Remodeling a bathroom and about to put in the floor. I have a plywood subfloor, and I'm about to install 1/2-in cement board on top, bedded in modified thinset spread with a quarter inch notched trowel. I plan to leave a 1/8-in in gap between all cement board sheets on the floor, with a 1/4-in gap at the walls. I'll be using a mosaic floor tile, and a subway tile on the walls with a cove base transition.

My tub is a porcelain enameled steel tub. It is solidly installed with the flange anchored on top of a ledge at the back of the wall. It is set into a bed of mortar which supports the entire base.

I have looked everywhere, but I can't seem to find any information as to how to properly transition the cement board on the floor with the skirt/apron/decorative panel of the tub. I have small kids that will definitely create splashes. Ideally I'll wipe them up quickly, but there will certainly be situations where the chaos of life leaves small puddles on the bathroom floor every now and then. I know of several people that have had issues with leaks from standing water at this transition point.

My thought is to leave an 1/8-in gap, and then fill that with thinset right up against the edge of the tub. Because I will be using Mapei Aqua Defense under the tile inside of the shower/tub enclosure, I could also apply a coat of this up against the edge of the tub at least, if not the entire bathroom floor (very small, 4x6 ft). I would then install tile as normal, leaving a 1/8-in gap, and caulking with 100% silicone or a siliconized grout matching caulk.

Does this make sense? Should I be doing anything different here? Another idea was leaving the 1/8-in gap open (cement board and tile), and filling the entire gap with silicone after installing tile.

  • sorry, having trouble envisioning what the tubs skirt/apron looks like. Photo? Is it a decorative detail that brings it away from the tubs face (side)?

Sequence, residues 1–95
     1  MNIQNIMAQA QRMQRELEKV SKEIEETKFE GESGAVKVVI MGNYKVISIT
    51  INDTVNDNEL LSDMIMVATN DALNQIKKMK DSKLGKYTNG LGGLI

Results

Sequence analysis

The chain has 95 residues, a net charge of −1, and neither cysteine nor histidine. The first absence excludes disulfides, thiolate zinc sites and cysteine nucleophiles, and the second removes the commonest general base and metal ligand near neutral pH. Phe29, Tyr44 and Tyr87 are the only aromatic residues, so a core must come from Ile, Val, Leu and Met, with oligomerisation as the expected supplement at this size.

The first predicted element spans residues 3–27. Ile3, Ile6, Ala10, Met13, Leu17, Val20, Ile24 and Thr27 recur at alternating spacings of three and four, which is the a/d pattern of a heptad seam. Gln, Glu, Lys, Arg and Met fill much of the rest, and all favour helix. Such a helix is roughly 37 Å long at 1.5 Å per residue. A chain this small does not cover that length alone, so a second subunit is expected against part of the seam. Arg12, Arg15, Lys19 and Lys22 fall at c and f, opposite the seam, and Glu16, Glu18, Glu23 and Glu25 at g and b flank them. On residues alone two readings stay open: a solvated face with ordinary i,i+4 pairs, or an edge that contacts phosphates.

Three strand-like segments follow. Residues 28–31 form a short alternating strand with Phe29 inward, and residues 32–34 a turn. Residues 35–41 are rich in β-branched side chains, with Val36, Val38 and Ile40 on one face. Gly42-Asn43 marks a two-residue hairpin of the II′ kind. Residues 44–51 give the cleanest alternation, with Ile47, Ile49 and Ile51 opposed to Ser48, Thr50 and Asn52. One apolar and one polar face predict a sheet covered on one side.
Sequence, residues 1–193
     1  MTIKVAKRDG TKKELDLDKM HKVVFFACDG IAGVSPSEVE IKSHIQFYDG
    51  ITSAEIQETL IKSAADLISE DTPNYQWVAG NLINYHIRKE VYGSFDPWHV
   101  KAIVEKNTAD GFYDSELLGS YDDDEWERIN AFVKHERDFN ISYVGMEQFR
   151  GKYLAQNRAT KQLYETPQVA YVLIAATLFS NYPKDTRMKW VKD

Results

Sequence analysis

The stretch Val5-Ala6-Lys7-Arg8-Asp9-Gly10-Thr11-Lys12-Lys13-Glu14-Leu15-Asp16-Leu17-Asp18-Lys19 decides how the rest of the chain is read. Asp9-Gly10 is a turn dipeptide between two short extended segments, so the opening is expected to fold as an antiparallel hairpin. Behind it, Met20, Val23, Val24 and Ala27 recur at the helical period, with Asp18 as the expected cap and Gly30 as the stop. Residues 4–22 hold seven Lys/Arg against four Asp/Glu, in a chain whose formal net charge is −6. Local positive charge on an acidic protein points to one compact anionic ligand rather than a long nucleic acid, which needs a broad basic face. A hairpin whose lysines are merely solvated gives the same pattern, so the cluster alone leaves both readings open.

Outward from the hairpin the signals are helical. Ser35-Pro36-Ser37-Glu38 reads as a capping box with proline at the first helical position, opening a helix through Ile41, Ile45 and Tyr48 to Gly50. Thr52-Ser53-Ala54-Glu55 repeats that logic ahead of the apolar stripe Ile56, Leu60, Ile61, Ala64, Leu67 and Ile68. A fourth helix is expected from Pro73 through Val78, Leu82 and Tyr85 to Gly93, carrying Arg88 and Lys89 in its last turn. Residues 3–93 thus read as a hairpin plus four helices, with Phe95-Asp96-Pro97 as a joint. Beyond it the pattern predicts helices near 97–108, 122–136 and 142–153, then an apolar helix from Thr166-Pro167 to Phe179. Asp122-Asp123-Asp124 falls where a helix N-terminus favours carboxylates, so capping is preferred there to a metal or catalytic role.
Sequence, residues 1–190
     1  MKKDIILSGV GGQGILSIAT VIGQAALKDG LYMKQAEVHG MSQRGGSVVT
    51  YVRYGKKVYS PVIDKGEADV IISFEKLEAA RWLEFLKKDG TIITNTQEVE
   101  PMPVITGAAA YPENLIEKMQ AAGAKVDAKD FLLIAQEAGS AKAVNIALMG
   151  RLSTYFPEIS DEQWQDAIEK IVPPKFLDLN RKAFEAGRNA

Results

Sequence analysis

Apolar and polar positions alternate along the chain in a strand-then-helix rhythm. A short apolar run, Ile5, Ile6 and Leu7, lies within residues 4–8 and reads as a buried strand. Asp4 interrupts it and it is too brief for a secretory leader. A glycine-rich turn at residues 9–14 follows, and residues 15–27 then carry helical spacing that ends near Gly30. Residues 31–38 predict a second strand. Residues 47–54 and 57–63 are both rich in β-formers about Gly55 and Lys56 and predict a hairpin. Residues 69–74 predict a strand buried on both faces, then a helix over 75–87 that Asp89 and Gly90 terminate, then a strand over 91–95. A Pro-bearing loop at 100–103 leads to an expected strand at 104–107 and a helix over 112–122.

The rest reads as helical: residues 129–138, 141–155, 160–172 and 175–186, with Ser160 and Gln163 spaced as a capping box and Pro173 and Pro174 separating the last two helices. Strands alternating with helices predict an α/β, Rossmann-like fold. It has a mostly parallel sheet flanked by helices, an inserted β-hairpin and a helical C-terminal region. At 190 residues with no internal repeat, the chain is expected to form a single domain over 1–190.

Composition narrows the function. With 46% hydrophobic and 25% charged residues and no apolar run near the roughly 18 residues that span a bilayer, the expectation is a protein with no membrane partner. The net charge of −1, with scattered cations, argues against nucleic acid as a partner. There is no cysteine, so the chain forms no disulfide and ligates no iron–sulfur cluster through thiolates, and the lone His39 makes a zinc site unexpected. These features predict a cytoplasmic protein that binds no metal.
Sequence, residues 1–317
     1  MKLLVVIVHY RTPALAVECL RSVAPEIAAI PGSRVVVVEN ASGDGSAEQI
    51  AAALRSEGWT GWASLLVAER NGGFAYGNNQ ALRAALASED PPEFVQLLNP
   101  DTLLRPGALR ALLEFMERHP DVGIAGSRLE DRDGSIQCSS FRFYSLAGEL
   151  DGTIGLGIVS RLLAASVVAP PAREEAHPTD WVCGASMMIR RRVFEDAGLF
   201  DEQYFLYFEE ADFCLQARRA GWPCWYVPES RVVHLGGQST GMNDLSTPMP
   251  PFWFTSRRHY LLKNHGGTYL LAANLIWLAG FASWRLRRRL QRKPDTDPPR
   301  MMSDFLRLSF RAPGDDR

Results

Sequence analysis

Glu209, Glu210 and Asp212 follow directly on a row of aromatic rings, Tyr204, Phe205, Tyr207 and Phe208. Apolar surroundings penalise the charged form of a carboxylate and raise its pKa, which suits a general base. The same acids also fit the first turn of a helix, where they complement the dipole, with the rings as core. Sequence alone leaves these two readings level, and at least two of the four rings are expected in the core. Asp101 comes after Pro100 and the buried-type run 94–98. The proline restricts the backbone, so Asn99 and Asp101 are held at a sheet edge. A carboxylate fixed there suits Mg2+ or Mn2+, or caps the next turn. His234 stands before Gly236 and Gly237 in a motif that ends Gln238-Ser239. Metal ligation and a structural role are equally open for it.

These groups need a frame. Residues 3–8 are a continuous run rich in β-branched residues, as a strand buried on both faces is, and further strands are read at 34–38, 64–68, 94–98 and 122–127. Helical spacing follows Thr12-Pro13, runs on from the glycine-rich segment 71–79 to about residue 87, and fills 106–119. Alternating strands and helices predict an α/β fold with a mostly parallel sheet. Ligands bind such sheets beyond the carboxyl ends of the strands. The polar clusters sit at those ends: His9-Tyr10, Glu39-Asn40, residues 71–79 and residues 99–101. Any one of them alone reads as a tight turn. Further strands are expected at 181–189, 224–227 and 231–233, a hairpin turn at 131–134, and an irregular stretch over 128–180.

– ojait
    Dec 28, 2020 at 19:36
  • It's a very standard/simple tub side. Just white enameled steel like the rest of the tub. No detail. Dec 30, 2020 at 11:26

1 Answer 1


I think you have a good plan except do not fill the gap with thinset, leave a small gap between the cement board and the tub and fill with caulk.

You could apply some of the Mapei on the first few inches of the cement board.

  • Thanks. I actually just added that option in has an edit, the same time you were providing this answer. Good call on the expansion and contraction. Would you lay a bead of silicone directly following the cement board install, or should I wait until after tiling and fill the entire gap at once? Seems like the latter is is a better option, but the former would allow me to use 100% silicone below, and a a siliconized caulk color-matched to my grout on top. Dec 28, 2020 at 18:31
  • 1
    Caulk the first gap before tile. Caulk the tile gap after grouting.
    – Alaska Man
    Dec 28, 2020 at 18:51
  • There is colored caulk that matches the grout used, no need to work with exposed silicone
    – Jack
    Dec 29, 2020 at 4:37

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